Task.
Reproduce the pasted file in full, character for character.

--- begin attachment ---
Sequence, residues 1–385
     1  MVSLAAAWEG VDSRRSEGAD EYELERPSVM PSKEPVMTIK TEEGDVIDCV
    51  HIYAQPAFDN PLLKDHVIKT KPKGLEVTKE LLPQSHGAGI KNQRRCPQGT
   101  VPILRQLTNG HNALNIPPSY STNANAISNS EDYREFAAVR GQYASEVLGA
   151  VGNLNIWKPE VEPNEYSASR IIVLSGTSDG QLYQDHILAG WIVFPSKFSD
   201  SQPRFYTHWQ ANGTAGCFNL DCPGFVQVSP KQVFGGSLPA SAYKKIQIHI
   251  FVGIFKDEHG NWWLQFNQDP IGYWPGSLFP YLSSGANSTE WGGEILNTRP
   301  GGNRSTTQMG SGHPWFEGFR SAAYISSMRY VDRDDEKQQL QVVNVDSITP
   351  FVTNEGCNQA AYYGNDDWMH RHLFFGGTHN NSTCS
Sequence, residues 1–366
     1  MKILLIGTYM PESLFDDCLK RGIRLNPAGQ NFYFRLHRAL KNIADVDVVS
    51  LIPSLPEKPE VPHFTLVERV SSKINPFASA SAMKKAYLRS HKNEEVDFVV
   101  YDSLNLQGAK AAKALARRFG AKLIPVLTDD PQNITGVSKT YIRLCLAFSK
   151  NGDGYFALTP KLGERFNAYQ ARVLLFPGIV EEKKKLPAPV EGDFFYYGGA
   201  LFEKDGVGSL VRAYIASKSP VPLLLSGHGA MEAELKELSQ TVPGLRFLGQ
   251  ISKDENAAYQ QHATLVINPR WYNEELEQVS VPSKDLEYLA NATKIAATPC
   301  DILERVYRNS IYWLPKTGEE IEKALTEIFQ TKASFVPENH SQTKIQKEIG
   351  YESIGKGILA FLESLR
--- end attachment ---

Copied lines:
Sequence, residues 1–385
     1  MVSLAAAWEG VDSRRSEGAD EYELERPSVM PSKEPVMTIK TEEGDVIDCV
    51  HIYAQPAFDN PLLKDHVIKT KPKGLEVTKE LLPQSHGAGI KNQRRCPQGT
   101  VPILRQLTNG HNALNIPPSY STNANAISNS EDYREFAAVR GQYASEVLGA
   151  VGNLNIWKPE VEPNEYSASR IIVLSGTSDG QLYQDHILAG WIVFPSKFSD
   201  SQPRFYTHWQ ANGTAGCFNL DCPGFVQVSP KQVFGGSLPA SAYKKIQIHI
   251  FVGIFKDEHG NWWLQFNQDP IGYWPGSLFP YLSSGANSTE WGGEILNTRP
   301  GGNRSTTQMG SGHPWFEGFR SAAYISSMRY VDRDDEKQQL QVVNVDSITP
   351  FVTNEGCNQA AYYGNDDWMH RHLFFGGTHN NSTCS
Sequence, residues 1–366
     1  MKILLIGTYM PESLFDDCLK RGIRLNPAGQ NFYFRLHRAL KNIADVDVVS
    51  LIPSLPEKPE VPHFTLVERV SSKINPFASA SAMKKAYLRS HKNEEVDFVV
   101  YDSLNLQGAK AAKALARRFG AKLIPVLTDD PQNITGVSKT YIRLCLAFSK
   151  NGDGYFALTP KLGERFNAYQ ARVLLFPGIV EEKKKLPAPV EGDFFYYGGA
   201  LFEKDGVGSL VRAYIASKSP VPLLLSGHGA MEAELKELSQ TVPGLRFLGQ
   251  ISKDENAAYQ QHATLVINPR WYNEELEQVS VPSKDLEYLA NATKIAATPC
   301  DILERVYRNS IYWLPKTGEE IEKALTEIFQ TKASFVPENH SQTKIQKEIG
   351  YESIGKGILA FLESLR